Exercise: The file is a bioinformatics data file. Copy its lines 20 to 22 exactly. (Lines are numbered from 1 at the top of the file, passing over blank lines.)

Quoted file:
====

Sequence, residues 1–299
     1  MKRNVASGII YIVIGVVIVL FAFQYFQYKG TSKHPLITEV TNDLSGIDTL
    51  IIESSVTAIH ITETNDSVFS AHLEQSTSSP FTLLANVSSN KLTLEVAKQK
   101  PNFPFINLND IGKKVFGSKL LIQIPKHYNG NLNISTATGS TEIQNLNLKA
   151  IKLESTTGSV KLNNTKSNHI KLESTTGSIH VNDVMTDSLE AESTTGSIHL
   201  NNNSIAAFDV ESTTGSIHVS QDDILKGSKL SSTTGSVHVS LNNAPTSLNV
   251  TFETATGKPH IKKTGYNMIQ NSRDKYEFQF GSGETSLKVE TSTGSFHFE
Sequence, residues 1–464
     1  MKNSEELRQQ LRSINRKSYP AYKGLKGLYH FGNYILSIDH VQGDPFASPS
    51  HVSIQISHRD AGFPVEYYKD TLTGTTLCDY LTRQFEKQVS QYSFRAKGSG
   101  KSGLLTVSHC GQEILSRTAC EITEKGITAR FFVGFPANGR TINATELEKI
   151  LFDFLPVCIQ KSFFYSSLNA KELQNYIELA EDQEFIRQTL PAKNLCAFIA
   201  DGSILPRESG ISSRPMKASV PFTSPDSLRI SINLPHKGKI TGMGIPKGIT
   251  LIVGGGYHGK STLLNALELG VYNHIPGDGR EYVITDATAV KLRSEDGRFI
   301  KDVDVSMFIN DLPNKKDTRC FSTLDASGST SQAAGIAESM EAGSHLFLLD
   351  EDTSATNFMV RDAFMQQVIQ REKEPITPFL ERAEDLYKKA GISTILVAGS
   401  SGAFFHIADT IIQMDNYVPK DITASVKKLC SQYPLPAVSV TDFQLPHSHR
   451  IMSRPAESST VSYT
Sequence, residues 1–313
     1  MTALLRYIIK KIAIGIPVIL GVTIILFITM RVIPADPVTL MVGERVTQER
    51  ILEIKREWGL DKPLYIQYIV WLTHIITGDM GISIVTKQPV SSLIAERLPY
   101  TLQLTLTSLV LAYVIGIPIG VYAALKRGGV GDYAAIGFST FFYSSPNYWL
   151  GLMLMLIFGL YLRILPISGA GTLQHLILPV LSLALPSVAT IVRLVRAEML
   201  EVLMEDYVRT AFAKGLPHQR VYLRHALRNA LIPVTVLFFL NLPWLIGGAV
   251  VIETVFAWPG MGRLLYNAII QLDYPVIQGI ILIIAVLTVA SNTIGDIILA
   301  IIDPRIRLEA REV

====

     1  MTALLRYIIK KIAIGIPVIL GVTIILFITM RVIPADPVTL MVGERVTQER
    51  ILEIKREWGL DKPLYIQYIV WLTHIITGDM GISIVTKQPV SSLIAERLPY
   101  TLQLTLTSLV LAYVIGIPIG VYAALKRGGV GDYAAIGFST FFYSSPNYWL